‘The Man in the middle’ is an excerpt from the book ‘The Solution Tango’ (and ‘Solution Focused Coaching’ e-book) by Louis Cauffman. This book presents a new approach to conquering the numerous challenges, problems, and failures that managers encounter at work, many of which are people-related. An important lesson identified in the book is that a manager must act as both the leader who provides direction for a team or company and as the coach who enables others to make the most of their skills, enabling the individual and the organization to succeed. A seven-step framework to enhance problem-solving capabilities, examples and tips, and a survival kit for sinking managers will help managers improve their people skills and learn how to approach everyday issues from a positive perspective.

Episode 4 – The Man in the Middle: A Solution Focused Feuilleton

Their mutual anger and distrust caused major problems. John and Peter had been slated to work together on the new project of dismantling the production line, but it looked like the project would run into serious problems if Peter and John couldn’t reconcile. Employees began gossiping about the “bad chemistry” between their two managers.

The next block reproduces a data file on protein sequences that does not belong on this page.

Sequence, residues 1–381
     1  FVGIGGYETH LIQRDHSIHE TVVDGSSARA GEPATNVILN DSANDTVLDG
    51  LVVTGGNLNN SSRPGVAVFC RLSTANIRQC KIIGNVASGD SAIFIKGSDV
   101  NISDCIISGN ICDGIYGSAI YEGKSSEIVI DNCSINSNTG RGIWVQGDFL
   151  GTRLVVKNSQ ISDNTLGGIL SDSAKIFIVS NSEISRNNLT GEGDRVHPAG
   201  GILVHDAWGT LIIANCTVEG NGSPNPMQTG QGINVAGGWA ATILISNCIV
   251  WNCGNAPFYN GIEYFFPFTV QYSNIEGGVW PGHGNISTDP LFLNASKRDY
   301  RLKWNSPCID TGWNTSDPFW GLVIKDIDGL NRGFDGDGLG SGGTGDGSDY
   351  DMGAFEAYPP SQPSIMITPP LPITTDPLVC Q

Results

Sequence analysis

John and Peter had been slated to work together.

The fight kept Peter awake at night. He came to work tired and quick- tempered. For the first time in many years he complained to his wife about work. Peter told her: “Now I understand what the saying ‘lonely at the top’ means. It’s no longer safe to talk to anybody about anything. I wonder if I should look around for a job somewhere else.”